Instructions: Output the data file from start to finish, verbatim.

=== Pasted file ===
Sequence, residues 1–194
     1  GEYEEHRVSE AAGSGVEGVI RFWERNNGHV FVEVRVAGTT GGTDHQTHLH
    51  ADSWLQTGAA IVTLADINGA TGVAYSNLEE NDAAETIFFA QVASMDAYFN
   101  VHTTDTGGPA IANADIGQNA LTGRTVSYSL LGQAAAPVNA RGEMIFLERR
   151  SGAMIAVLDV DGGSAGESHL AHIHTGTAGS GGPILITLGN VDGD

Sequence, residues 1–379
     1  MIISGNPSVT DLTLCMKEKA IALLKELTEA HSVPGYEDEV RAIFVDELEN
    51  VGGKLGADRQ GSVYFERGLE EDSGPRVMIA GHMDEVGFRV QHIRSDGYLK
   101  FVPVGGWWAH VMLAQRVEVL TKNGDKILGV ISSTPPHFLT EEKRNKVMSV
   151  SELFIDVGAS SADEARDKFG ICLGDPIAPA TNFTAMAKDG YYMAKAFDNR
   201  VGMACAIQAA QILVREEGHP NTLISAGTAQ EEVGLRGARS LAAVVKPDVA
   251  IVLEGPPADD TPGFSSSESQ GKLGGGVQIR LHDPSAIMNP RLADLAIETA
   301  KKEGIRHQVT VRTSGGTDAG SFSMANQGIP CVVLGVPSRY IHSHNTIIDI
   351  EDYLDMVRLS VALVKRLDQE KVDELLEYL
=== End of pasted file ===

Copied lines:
Sequence, residues 1–194
     1  GEYEEHRVSE AAGSGVEGVI RFWERNNGHV FVEVRVAGTT GGTDHQTHLH
    51  ADSWLQTGAA IVTLADINGA TGVAYSNLEE NDAAETIFFA QVASMDAYFN
   101  VHTTDTGGPA IANADIGQNA LTGRTVSYSL LGQAAAPVNA RGEMIFLERR
   151  SGAMIAVLDV DGGSAGESHL AHIHTGTAGS GGPILITLGN VDGD

Sequence, residues 1–379
     1  MIISGNPSVT DLTLCMKEKA IALLKELTEA HSVPGYEDEV RAIFVDELEN
    51  VGGKLGADRQ GSVYFERGLE EDSGPRVMIA GHMDEVGFRV QHIRSDGYLK
   101  FVPVGGWWAH VMLAQRVEVL TKNGDKILGV ISSTPPHFLT EEKRNKVMSV
   151  SELFIDVGAS SADEARDKFG ICLGDPIAPA TNFTAMAKDG YYMAKAFDNR
   201  VGMACAIQAA QILVREEGHP NTLISAGTAQ EEVGLRGARS LAAVVKPDVA
   251  IVLEGPPADD TPGFSSSESQ GKLGGGVQIR LHDPSAIMNP RLADLAIETA
   301  KKEGIRHQVT VRTSGGTDAG SFSMANQGIP CVVLGVPSRY IHSHNTIIDI
   351  EDYLDMVRLS VALVKRLDQE KVDELLEYL